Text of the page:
Native Americans have a deep artistic sense and a great knowledge of our natural environment. This aesthetic can be seen in the objects of art, both decorative and useful at the new exhibit, From the Forest at the Institute For American Indian Studies on 38 Curtis Road in Washington Connecticut. Porcupine quillwork looks amazingly like delicate embroidery. This type of quillwork was most likely the first purely decorative art practiced by Native Americans. It is highly sought after by collectors, each piece representing hundreds of hours of work by the artist.
Porcupine quillwork is a distinctive Native American art form. The quills are folded, twisted, wrapped, plaited and sewn using a wide range of techniques to embellish articles of clothing, bags, knife sheaths, baskets, wooden handles, pipe stems and many other items.. Native Americans in 17th century New England used porcupine quills to decorate their clothing and accessories. They would also decorate containers made from birchbark because it was light, long lasting and flexible.
Quill working flourished from New England to the tribes of the Great Plains until the arrival of Europeans with ready-made glass beads that were incorporated into the work. Although considered a 'lost art' by many, some artists still practice the tradition from tribes such as the Sioux, Cree, Ojibway, and others carrying on the tradition of quill embroidery.
This exhibit showcases artifacts on loan to the museum from the Meg Buda Collection consisting of many Native American decorative and useful items that have been embellished with porcupine quill embroidery. There are examples of flat as well as tufted quill embroidery on a variety of objects from moccasins and baskets to jewelry and containers. Some of the workmanship on the tufted birchbark baskets is extraordinary because of the variety of natural dyes used on the quills and the delicate floral or geometric patterns on the containers. Examples of tufted quillwork are only made by a few artists and are extraordinary in their detail and craftsmanship. In addition to this exhibition, the Institute has a large collection of Native American Artifacts, a 16th century reconstructed outdoor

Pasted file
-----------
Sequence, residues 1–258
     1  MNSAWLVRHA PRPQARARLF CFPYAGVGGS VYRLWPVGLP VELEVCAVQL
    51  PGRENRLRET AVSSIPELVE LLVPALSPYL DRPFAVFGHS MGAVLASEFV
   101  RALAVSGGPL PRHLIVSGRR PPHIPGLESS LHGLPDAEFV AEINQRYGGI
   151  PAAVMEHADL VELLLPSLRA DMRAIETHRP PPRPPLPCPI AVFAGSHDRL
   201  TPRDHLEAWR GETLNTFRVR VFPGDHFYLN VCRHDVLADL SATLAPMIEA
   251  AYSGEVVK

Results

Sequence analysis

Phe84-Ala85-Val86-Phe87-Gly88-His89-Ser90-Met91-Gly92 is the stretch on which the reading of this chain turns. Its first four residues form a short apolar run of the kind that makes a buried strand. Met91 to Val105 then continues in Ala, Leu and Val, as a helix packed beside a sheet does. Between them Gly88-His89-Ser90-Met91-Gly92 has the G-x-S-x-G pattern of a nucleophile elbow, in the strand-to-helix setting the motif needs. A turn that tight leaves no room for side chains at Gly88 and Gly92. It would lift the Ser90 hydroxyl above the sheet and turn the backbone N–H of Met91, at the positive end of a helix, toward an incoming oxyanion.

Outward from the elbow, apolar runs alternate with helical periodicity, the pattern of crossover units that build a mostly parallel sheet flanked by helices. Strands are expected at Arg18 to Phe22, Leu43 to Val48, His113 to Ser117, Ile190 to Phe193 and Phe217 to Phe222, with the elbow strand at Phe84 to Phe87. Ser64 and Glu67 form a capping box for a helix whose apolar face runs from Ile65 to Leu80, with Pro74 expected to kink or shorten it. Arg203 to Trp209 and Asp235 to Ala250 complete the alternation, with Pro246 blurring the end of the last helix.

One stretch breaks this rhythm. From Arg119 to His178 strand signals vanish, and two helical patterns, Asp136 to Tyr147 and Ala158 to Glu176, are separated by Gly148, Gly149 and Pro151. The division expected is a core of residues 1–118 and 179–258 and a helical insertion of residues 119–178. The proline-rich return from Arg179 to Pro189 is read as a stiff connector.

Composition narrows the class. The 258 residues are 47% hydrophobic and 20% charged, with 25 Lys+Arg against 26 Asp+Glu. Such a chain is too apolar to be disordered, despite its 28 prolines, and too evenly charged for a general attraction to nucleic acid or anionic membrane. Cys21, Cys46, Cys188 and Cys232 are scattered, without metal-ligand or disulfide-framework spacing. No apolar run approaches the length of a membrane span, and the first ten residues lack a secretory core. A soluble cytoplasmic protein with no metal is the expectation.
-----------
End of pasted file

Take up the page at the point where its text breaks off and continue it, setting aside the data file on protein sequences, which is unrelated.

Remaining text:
Native American Village and a new Escape Room that is opening in late October called Escape from a Wigwam, 1518.
One of the most enduring myths about the porcupine, a member of the rodent family that is only native to North America is that they are capable of throwing quills. The reality is the porcupine uses their quills as a defense mechanism. When in danger, the porcupine lowers its head and lashes out its tail, and if the predator is in striking range, the barbed quills are embedded in their hide or on their face. Once embedded, the quill with its needle-sharp barbules expands and every muscle movement pulls it deeper into the flesh. The porcupine quill is a modified type of hair, and like hair, it is shed when it is fully-grown. An adult porcupine has an average of 30,000 quills on its body that average about three inches in length. The spring and fall porcupine quills are said to be the best for decorative use because they are not waterlogged and don't break easily. Once the quills were carefully removed from the porcupine they were sorted by size then made pliable by soaking. Dyed and flattened, woven, wrapped, tufted or stitched the humble porcupine quill became part of a work of art as well as a means of self-expression.
About Institute For American Indian Studies
Located on 15 woodland acres the IAIS has an outdoor Three Sisters and Healing Plants Gardens as well as a replicated 16th c. Algonkian Village. Inside the museum, authentic artifacts are displayed in permanent, semi-permanent and temporary exhibits from prehistory to the present that allows visitors a walk through time. The Institute for American Indian Studies is located on 38 Curtis Road in Washington Connecticut and can be reached online or by calling 860-868-0518. The Institute for American Indian Studies preserves and educates through discovery and creativity the diverse traditions, vitality, and knowledge of Native American cultures. Through archaeology, the IAIS is able to build new understandings of the world and history of Native Americans; the focus is on stewardship and preservation. This is achieved through workshops, special events, and education for students of all ages.